Front Row Motorsports is getting closer to its name.
A team from Mooresville, North Carolina is having a big weekend in Indianapolis. Zane Smith, Camping World Truck Series regular season champion, opened the playoffs with a third-place finish at Indianapolis Raceway Park on Friday night. Then two Team Cup riders, rookie Todd Gilliland and veteran Michael McDowell, delivered amazing results in Sunday’s race at Indianapolis Motor Speedway, with Gilliland finishing a career-best fourth and McDowell finishing eighth. It was a rare duet from the top 10 FRM.
These performances marked the first time that all Truck and Cup team drivers finished in the top 10 on a race weekend. It wasn’t as important as McDowell’s poor 2021 Daytona 500 win, but it was enough to give FRM, underfunded and understaffed compared to top-notch NASCAR operations, a real weekend in the sun.
It comes just days after the team was issued a massive NASCAR fine for an improperly modified part of McDowell’s car at Pocono Raceway. McDowell was fined 100 driver points, crew chief Blake Harris was fined $100,000 and suspended for four races, and the team lost 100 owner points.
“We got hit on hands after Pocono because of some of the things that NASCAR didn’t like about our car,” FRM general manager Jerry Freese told NBC Sports. “It was important for the guys to come back to Indy and show that this is not what we were trying to achieve in any way. They wanted to show in Indy and we want to show again this week in Michigan that we have speed week in and week out. I’m happy for them that they recovered from a rather difficult situation last week.
“I think we can get on a winning streak if we put it all together sometime this year.”
Gilliland, in his first full season in the Cup since moving from the FRM Truck division, qualified ninth at Indianapolis and managed a fourth-place finish in the chaos of the last laps. He finished 12 races in a row which is a key statistic as the team tries to give him as much time on the track as possible.
“We may have been a little conservative on Todd this year and maybe a little more aggressive on Michael’s car tuning,” Freese said. “Todd is a newbie and in many cases he will be walking the tracks for the first time. In Indy, the crew chief decided to get a little more aggressive with the settings now that Todd has a bit more knowledge base running various road courses. Todd really stepped up. We may have delayed it a bit.
“He did such a good job doing exactly what we wanted this year, doing all the laps without getting into bad situations, getting the car home safe and sound and having all that experience.”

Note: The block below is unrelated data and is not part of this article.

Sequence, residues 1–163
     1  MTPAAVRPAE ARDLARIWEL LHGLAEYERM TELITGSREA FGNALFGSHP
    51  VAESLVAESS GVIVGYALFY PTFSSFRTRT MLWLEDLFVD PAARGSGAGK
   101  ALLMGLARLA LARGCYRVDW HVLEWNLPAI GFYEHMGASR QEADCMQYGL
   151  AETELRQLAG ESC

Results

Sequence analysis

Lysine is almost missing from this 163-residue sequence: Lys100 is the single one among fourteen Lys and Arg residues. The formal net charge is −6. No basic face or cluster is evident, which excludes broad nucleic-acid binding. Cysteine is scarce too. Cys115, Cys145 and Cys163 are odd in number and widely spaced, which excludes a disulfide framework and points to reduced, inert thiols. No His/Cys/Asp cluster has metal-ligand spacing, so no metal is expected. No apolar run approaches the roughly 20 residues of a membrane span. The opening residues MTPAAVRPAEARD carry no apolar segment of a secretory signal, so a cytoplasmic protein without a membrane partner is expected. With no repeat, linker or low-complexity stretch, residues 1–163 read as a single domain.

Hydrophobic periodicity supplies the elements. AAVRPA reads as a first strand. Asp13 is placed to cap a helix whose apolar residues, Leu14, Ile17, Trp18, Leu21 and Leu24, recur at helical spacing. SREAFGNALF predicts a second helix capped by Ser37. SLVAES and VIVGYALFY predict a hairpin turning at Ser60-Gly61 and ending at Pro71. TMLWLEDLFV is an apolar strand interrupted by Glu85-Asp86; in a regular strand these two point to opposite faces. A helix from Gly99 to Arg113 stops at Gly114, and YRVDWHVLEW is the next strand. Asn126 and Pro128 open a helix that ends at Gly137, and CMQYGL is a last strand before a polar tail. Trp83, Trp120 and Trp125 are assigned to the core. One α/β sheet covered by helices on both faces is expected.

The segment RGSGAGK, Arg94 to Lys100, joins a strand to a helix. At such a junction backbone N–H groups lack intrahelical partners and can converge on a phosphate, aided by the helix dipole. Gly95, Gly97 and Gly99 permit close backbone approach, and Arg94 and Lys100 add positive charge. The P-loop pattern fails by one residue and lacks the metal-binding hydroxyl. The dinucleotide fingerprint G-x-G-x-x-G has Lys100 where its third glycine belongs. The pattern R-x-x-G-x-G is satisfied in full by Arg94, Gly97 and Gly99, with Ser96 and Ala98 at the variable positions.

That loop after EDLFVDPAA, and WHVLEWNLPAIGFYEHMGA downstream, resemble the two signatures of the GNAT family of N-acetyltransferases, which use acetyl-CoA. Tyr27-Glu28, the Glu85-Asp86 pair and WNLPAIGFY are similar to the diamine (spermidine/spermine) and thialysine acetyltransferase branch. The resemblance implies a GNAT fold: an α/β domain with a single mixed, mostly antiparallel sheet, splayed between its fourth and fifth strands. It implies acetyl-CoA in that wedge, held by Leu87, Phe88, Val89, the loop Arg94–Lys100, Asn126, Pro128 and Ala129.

Both FRM Cup riders showed consistency in the finish races this season. McDowell leads the series in lap percentage, 99.55%. Gilliland is ranked fourth with a score of 97.84%.
“It’s a cool statistic that confirms what we’ve been saying about the team,” Gilliland told NBC Sports. “It’s really great that as a team we’re better at not tearing things up as much as some other people.”
Gilliland, 22, has mostly raced in the Truck Series for four seasons, winning twice. He said he expects a sometimes tough transition to the Cup.
“It’s been a tough season,” he said. “I think part of the reason we expected it is because it’s hard to jump from a truck into a cup. We had guys who won the Xfinity championships who still have a hard time moving on to the Cup.
“We expected some parts to be very difficult. We had limited rehearsal time and I haven’t been to a few tracks yet. And yes, the schedule is tough. The competition is much higher than anything I’ve ever faced.”
According to Gilliland, the Next Gen car made the move a little easier.
“We have seen the best of the best make mistakes,” he said. “We had guys getting out on their own. The car did a good job of leveling the playing field and opened up some opportunities for our team.”
Freese said the team is hopeful that Gilliland can continue to expand its horizons for the remainder of the season.
“He accomplished the mission from our perspective for the first half of the year,” he said. “Now that he has a knowledge base and the team got to know him better and what he likes about the car, he is more comfortable talking about what the car does.
“I don’t know if there is a really good measuring stick, but we are not trying to pressure him with any numbers. We feel he is moving in a positive direction with more consistency and more competitive finishes.”